New analysis of 36-year-old data, resuscitated from printouts, shows NASA found life on Mars, an international team of mathematicians and scientists conclude in a paper published this week. Further, NASA doesn't need a human expedition to Mars to nail down the claim, neuropharmacologist and biologist Joseph Miller, with the University of Southern California Keck School of Medicine, told Discovery News. "The ultimate proof is to take a video of a Martian bacteria. They should send a microscope — watch the bacteria move," Miller said. "On the basis of what we've done so far, I'd say I'm 99 percent sure there's life there," he added. Miller's confidence stems in part from a new study that re-analyzed results from a life-detection experiment conducted by NASA's Viking Mars robots in 1976.
Tag Archives | Space Exploration
Or so he claims—there’s no proof of veracity, but a gripping read nonetheless. Morgan Kochel’s conversation with a A Man Who Went to Mars:
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Training lasted twelve months, very intense, including psychiatric tests. It took us about 230 days to get there, and slightly less back. We used rocket technology regularly available now. Just bigger tanks and more thrust. Nothing unusual in equipment to get there, but better radiation protection, as you can imagine, due to journey time.
We landed near Ares Vallis. Our employers got some data about the Sojourner landing, and this was the place they wanted to explore. We took the same type of collecting devices used by geologists, which is why this had to be a manned mission, as no robot could do this. There were plenty of minerals that we analyzed on the way home: metals, particularly gold(?), and some other substance that was a form of composite like carbon fiber, but already in a usable form.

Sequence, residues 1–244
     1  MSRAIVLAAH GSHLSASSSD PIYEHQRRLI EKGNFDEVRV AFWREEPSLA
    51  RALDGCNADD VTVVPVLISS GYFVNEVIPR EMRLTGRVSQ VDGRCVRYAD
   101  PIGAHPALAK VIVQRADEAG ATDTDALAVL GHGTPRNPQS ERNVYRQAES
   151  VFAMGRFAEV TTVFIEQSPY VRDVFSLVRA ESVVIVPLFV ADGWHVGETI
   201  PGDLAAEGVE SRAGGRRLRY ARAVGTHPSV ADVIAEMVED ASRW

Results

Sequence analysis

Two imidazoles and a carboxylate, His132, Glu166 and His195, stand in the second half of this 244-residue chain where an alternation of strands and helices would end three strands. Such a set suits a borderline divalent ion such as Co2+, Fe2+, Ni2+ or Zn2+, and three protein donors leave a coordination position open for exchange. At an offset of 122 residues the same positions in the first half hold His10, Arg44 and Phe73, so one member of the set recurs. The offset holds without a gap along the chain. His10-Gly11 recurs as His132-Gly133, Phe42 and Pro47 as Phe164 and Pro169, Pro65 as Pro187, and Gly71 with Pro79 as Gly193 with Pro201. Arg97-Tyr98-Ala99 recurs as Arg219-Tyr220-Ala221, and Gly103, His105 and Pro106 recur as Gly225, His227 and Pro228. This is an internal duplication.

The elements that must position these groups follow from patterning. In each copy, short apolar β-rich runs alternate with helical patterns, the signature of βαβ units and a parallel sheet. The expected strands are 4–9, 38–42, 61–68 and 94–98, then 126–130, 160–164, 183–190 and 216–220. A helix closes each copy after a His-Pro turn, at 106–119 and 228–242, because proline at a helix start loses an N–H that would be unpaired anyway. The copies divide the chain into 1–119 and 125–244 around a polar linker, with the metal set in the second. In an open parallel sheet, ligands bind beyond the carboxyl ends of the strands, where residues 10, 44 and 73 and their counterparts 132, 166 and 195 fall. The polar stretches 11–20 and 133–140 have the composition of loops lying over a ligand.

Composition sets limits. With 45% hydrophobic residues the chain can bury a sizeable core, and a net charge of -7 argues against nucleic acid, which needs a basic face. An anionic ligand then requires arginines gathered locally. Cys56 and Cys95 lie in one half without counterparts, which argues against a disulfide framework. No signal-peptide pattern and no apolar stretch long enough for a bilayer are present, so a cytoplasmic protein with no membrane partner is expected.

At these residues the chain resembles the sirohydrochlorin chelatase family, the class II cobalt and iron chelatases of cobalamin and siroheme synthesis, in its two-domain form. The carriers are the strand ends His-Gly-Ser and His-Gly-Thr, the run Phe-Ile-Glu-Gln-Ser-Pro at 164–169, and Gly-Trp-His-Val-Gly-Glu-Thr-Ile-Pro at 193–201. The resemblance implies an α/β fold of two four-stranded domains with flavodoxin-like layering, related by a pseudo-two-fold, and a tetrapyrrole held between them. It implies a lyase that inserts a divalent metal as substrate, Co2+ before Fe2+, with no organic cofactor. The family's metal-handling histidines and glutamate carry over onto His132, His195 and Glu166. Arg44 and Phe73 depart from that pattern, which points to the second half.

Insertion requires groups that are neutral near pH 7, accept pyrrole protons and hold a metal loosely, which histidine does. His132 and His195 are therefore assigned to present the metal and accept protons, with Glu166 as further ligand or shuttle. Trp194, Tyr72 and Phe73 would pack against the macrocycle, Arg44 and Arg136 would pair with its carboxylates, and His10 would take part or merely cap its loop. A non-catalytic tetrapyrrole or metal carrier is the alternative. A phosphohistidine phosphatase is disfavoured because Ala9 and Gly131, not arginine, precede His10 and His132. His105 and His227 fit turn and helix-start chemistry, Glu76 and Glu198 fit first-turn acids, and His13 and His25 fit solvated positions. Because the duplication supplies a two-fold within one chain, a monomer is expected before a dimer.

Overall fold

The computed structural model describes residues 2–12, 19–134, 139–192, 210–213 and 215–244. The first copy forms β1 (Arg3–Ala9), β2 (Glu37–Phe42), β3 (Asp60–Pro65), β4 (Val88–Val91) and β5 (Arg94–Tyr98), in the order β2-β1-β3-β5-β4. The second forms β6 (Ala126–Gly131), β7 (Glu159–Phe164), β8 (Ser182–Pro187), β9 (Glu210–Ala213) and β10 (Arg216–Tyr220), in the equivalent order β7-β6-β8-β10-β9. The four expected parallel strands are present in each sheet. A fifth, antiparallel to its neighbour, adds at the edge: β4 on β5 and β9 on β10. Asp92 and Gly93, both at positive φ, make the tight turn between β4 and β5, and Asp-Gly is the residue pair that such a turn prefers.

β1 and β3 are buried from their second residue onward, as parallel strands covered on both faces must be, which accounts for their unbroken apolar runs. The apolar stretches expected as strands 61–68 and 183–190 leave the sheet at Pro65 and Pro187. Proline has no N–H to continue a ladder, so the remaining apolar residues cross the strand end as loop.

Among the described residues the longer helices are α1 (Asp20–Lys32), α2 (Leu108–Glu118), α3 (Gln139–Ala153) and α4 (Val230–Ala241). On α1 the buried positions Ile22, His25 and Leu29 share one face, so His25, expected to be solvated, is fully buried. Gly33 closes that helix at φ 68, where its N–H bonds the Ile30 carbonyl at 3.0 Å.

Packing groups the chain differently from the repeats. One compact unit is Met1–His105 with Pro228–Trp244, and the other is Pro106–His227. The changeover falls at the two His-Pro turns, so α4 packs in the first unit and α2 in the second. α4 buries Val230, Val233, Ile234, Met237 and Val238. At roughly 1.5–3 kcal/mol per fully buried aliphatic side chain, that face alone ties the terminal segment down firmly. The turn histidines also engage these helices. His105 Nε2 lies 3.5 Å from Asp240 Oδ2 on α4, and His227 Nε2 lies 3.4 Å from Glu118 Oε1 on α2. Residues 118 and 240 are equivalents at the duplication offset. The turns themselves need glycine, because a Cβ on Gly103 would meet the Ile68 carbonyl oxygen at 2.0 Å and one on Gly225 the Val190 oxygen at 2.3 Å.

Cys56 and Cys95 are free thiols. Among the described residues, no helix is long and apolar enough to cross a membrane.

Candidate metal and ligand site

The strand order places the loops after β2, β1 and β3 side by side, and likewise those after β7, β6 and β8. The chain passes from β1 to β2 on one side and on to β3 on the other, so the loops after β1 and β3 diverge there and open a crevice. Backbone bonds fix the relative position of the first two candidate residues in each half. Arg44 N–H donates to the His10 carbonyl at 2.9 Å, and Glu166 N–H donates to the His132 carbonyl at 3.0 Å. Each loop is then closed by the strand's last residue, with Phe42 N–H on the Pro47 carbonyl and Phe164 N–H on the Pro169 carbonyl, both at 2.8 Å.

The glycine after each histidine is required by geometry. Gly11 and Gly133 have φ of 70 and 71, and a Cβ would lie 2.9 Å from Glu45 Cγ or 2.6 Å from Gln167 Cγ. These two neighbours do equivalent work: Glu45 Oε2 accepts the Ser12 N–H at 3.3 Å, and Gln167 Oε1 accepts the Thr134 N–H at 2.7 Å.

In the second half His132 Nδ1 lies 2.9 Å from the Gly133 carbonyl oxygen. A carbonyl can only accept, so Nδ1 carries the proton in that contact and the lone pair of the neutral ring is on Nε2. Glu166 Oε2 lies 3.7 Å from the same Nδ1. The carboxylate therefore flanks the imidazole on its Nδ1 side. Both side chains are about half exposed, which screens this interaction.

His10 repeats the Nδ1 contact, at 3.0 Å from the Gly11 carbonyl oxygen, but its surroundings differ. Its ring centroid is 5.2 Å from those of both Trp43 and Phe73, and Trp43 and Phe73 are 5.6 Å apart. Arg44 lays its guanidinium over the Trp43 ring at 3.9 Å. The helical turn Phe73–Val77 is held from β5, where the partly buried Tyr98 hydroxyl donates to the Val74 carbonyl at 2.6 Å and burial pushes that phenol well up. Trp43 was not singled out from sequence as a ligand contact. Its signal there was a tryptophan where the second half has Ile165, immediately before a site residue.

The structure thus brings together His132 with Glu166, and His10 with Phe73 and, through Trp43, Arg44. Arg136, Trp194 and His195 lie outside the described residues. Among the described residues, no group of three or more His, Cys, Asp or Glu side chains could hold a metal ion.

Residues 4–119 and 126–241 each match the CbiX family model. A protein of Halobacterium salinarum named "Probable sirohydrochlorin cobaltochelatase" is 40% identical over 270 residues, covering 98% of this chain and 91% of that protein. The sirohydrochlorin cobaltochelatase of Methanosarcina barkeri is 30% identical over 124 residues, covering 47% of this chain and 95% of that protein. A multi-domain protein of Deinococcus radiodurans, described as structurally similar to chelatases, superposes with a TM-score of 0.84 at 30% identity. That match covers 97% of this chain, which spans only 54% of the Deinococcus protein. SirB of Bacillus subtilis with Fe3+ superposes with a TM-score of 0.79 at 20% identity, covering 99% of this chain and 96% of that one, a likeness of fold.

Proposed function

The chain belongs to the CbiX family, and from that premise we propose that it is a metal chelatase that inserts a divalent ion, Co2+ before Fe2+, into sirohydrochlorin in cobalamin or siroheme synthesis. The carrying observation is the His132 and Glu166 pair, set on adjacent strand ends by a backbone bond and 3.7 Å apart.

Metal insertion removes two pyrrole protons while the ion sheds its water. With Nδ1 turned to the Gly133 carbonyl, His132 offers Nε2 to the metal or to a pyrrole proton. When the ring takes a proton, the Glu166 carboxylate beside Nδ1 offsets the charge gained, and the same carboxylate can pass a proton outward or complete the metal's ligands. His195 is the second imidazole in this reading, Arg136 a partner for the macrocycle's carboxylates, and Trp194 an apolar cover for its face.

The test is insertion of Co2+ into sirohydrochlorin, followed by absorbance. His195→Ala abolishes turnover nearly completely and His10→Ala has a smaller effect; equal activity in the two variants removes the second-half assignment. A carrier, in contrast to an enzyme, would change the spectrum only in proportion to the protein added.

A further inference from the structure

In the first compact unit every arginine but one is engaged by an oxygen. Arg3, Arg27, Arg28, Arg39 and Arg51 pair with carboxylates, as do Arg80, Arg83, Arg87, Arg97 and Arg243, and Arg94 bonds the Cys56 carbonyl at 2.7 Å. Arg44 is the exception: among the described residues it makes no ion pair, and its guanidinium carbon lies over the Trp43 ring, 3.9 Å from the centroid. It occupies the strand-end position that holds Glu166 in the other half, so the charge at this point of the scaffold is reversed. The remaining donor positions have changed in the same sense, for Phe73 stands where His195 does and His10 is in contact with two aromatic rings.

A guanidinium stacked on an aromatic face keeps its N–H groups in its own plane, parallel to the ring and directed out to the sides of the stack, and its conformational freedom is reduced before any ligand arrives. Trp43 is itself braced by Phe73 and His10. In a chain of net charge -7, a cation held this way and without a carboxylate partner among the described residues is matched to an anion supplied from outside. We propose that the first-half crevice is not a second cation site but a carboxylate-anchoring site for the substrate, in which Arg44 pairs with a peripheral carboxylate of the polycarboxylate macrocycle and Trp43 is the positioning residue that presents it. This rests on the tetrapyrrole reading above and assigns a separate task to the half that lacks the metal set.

Lawrence M. Krauss writes in the LA Times:
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The illusion of purpose and design is perhaps the most pervasive illusion about nature that science has to confront on a daily basis. Everywhere we look, it appears that the world was designed so that we could flourish.
The position of the Earth around the sun, the presence of organic materials and water and a warm climate — all make life on our planet possible. Yet, with perhaps 100 billion solar systems in our galaxy alone, with ubiquitous water, carbon and hydrogen, it isn’t surprising that these conditions would arise somewhere. And as to the diversity of life on Earth — as Darwin described more than 150 years ago and experiments ever since have validated — natural selection in evolving life forms can establish both diversity and order without any governing plan.
As a cosmologist, a scientist who studies the origin and evolution of the universe, I am painfully aware that our illusions nonetheless reflect a deep human need to assume that the existence of the Earth, of life and of the universe and the laws that govern it require something more profound.